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Pierre A.J. Bayerl, Heiko Neumann; Recurrent processing in the dorsal pathway underlies the robust integration and segregation of motion patterns. Journal of Vision 2002;2(7):658. doi: 10.1167/2.7.658.
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It is an open question how different cortical areas interact to accomplish the robust analysis of moving visual patterns. Here, we present a model of recurrent interaction of V1, MT and MSTd utilizing a space-variant mapping of the retino-cortical pathway. We claim that a recently discovered motion illusion (Pinna & Brelstaff, Vis.Res. 40:2091–2096, 2000) unravels the underlying mechanisms involved in processes of motion integration and segregation.
The (static) pattern that leads to a strong illusory motion effect consist of two rings of diamond-shaped items each outlined by light and dark lines such that coarse contrasts appear along the diagonal axes of individual items. While fixating the center of the rings an approaching viewer perceives the rings as rotating in two opposite directions. An essential part of our model is the transformation of the retinal input flow pattern to a log-polar V1 representation (Schwartz. Biol. Cybernetics 37:63–76, 1980) achieving a mapping of the peripheral true motion into a horizontally oriented uniform gauge pattern. Motion information from two successive frames of a movement simulation are integrated along the V1-MT-MSTd feedforward pathway utilizing direction selective cells of increasing spatial size (X:Y:Z ratio; Grossberg et al. Cerebral Cortex 9:878–895, 1999).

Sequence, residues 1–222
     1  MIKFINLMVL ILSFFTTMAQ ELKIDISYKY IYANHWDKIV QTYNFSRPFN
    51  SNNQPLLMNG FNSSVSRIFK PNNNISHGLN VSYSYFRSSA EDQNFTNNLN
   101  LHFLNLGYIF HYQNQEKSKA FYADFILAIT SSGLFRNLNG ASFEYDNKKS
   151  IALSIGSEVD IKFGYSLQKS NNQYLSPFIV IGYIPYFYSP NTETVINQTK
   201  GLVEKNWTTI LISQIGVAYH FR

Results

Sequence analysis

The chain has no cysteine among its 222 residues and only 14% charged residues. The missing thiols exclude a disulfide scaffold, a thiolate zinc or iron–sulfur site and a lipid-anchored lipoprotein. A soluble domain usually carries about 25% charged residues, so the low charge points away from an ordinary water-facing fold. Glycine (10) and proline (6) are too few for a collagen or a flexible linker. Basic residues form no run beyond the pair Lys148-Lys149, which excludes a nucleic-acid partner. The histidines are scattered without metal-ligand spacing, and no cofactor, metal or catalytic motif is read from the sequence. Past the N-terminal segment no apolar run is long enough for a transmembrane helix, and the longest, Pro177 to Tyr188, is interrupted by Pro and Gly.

The illusion is shown to induce a motion pattern in the cortical MT and MST areas. MST-MT feedback achieves the necessary disambiguation of initial noisy estimates. This leads to segregated opponent motions along circular directions when perceptual splitting occurs, while homogeneous motion fields occur when no perceptual splitting is observed. The results provide evidence for the essential role of feedback from higher-order motion area MST.
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